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Water Quality

Landscape between Amman and Jerash Photo: Jim Greenhill. As the limited water resources in Jordan are used to meet the demands of the rapidly growing population, water shortages are becoming a daily reality for many and surface and groundwater resources are increasingly threatened with depletion.[1] At the same time, water quality is also deteriorating.

As mentioned above, water quality in the Lower Jordan River and the Zarqa Rivers has severely deteriorated over the last 50 years and the water from these rivers is no longer fit for human consumption. For example and as discussed in ‘Water Resources’, the flow of the Jordan River is constantly decreasing because of upstream abstractions.[2] At the same time, untreated wastewater and agricultural fertilizer runoff continue to enter the Jordan River upstream from Israel, the West Bank and Jordan, which affects the quality of the relatively small amount of water that is left.

Another example is the contamination of the Zarqa River from industrial discharges and illegal dumping of sewage, the illegal extraction of concentrated wastewater by farmers for use on crops, and the runoff of fertilizer back into the river from these farms.

The quality of groundwater is also decreasing, mainly due to overpumping, which often leads to increased salinity.

As demand for water continues to grow and supplies shrink, water quality is likely to continue to decrease. A recent study, which looked at how the decrease in water availability, pollution and salinization affect water quality in Jordan, found that:


  • “About 70% of spring water is biologically contaminated.

  • Water resources have a significant level of toxicity.

  • Industrial discharges are improperly treated or untreated.

  • Overabstraction of groundwater for irrigation has reduced the water table by 5 m in some aquifers and tripled salinity.

  • Unregulated fertilizer and pesticide application has increased nitrates and phosphorus in water supplies.”[3]

These alarming findings highlight the need to address water quality issues throughout the country at all levels and in all sectors.

Improving surface and groundwater quality

The issue of water quality is both simple and complicated. It is simple because the causes are acknowledged and measurable. However, addressing these issues and finding a way to limit the negative impact on the quality of both freshwater and wastewater resources remains a complex challenge for the government.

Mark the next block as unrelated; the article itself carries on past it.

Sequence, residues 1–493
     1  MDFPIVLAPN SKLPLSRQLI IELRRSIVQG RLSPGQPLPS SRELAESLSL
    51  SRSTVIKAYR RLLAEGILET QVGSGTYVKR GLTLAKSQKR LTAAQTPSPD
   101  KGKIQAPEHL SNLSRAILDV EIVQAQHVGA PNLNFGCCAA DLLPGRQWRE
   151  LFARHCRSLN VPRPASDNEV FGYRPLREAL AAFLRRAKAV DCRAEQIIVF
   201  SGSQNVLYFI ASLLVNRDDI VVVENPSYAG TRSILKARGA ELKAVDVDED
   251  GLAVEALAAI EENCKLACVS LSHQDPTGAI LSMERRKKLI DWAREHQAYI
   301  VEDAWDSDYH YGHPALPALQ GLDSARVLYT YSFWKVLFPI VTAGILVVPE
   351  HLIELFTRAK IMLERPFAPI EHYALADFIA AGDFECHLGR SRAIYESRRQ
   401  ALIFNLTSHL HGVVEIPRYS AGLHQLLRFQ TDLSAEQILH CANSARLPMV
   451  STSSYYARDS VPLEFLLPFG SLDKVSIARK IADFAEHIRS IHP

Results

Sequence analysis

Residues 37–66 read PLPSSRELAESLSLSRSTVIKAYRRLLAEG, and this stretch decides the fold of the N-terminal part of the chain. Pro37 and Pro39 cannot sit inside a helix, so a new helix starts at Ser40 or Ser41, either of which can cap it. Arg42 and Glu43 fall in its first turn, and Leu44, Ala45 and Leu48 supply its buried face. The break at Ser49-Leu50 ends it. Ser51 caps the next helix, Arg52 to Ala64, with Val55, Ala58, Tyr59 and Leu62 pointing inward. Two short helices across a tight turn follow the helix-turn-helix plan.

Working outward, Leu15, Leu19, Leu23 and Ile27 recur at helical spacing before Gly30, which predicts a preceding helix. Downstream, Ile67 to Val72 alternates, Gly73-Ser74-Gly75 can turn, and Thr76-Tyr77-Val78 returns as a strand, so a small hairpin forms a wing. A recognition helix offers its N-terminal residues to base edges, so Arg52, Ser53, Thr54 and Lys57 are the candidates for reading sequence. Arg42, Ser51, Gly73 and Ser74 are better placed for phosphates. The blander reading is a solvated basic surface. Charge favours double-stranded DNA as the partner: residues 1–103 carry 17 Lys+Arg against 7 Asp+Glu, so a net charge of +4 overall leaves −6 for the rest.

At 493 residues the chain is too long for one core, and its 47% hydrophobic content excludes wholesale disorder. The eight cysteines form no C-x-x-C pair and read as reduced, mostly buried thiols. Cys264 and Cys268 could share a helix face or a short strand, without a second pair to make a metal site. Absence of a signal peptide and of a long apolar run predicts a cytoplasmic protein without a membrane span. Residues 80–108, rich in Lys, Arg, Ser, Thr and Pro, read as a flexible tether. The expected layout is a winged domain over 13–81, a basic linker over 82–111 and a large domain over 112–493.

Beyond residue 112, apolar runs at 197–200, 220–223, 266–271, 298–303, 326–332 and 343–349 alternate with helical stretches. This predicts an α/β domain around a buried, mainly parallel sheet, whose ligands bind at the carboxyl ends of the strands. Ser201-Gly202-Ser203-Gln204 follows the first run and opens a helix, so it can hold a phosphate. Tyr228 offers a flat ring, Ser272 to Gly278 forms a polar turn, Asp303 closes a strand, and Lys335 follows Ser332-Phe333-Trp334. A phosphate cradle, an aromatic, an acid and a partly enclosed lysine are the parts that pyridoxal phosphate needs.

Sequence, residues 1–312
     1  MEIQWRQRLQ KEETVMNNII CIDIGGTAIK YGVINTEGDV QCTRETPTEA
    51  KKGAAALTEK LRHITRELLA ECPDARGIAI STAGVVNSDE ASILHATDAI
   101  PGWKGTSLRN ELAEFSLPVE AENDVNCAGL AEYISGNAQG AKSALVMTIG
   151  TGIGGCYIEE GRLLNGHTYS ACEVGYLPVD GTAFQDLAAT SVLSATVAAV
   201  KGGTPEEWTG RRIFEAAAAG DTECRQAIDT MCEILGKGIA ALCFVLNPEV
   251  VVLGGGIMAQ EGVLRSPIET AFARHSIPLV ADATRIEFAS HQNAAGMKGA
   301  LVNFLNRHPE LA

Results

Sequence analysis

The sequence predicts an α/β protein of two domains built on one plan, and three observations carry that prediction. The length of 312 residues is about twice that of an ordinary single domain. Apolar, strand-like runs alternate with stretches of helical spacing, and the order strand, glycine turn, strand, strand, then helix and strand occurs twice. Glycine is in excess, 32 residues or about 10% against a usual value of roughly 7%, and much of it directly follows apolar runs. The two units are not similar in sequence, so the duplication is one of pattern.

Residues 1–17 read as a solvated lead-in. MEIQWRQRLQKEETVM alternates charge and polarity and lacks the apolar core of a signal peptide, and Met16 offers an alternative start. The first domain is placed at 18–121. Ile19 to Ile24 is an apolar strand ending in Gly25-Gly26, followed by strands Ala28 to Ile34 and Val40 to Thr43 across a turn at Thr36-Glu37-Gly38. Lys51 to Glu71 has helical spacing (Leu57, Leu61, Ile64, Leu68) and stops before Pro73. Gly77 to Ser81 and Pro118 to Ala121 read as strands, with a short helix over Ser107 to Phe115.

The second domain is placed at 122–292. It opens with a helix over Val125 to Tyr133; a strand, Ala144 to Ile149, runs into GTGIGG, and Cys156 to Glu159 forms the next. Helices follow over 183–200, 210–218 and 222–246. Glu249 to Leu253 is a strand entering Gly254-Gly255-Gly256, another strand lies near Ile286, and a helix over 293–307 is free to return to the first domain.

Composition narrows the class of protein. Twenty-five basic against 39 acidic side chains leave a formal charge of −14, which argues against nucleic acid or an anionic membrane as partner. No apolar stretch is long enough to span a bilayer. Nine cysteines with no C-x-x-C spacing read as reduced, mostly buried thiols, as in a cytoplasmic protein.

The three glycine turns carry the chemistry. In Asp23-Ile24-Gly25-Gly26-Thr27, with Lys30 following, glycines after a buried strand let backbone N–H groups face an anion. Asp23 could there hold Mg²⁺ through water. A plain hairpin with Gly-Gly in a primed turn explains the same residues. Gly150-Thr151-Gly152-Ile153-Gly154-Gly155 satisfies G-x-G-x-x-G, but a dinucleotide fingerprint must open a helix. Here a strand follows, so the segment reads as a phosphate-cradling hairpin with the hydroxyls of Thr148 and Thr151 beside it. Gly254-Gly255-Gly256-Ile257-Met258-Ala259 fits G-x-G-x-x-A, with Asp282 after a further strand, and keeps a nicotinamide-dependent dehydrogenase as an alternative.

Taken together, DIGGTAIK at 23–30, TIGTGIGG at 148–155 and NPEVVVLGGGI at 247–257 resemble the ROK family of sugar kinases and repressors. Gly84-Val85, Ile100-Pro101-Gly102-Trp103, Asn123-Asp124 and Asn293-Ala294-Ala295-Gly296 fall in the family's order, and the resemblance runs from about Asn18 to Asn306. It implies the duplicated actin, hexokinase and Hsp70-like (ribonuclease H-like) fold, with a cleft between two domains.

Water quality in Jordan can only be improved by addressing the following issues:[4]


  • Effective treatment of biological and other toxic contaminants at the source.

  • Better regulation and/or enforcement of industrial wastewater treatment before discharge, and control of crop fertilization materials and volume.

  • Preventing overextraction of groundwater resources.

  • Improving wastewater treatment.

One of the long-term strategies is to increase controlled quality freshwater supply through the Red Sea-Dead Sea Project (see ‘Current and Planned Infrastructural Projects‘ and the Special Report). See ‘Water Management‘ and ‘Reducing Water Use‘ for more measures being taken to improve water quality.

To understand the complexity of these challenges, it is interesting to look at the Ain Ghazal wastewater and sewage collection and treatment system that was established by the government in the 1960s near Amman. Ain Ghazal was designed to serve 300,000 individual households and around 60,000 m3 per day of wastewater, collected via a sewage network built throughout the city. Today, the treatment system is heavily overloaded for different reasons including the rapid population increase, which has resulted in higher levels of wastewater production. Moreover, treatment methods at the plant are outdated and no longer adequately treat the water. The result is that water treated at Ain Ghazal is of poor quality, which in turn affects surface and groundwater resources near the plant.[5]

In 1985, the government built stabilization ponds at the al-Samra treatment facility as a short-term measure to improve the quality of the treated wastewater, until a long-term solution could be found. However, plans changed and these stabilization ponds have been updated instead of developing any sustainable long-term solutions.

Thus, as wastewater has not been reduced at the sources, and no additional treatment capacity has been added, most of the existing plants continue to be overloaded with wastewater, and overrun in comparison to their designed capacities, resulting in an unacceptably low quality of treated wastewater.[6]

As of 2013, Jordan had 30 wastewater treatment plants (WWTPs) where an annual average of 102 MCM of wastewater was collected and treated for reuse in agriculture.[7] The number and capacity of treatment plants has doubled since 1993, when 14 WWTPs treated an annual 50 MCM.[8]

View over Wadi Musa and Petra, Jordan. Photo: Jamiembrown.
View over Wadi Musa and Petra, Jordan. Photo: Jamiembrown.

[1] Mohsen, M.S., 2007. ‘Water strategies and potential of desalination in Jordan’. Desalination, 203: 27-46.
[2] Jaber, J. and Mohsen, M., 2001. ‘Evaluation of non-conventional water resources supply in Jordan’. Desalination, 136: 83-92.
[3] Mohsen, M.S., 2007. ‘Water strategies and potential of desalination in Jordan’. Desalination, 203: 27-46.
[4] Ibid.
[5] Bataineh, F. et al., 2002. Wastewater Reuse in Jordan. Water Demand Management Forum.
[6] World Bank, 1997. The Hashemite Kingdom of Jordan, Water Sector Review.
[7] Ministry of Water and Irrigation, 2015. Personal interview.
[8] Ibid.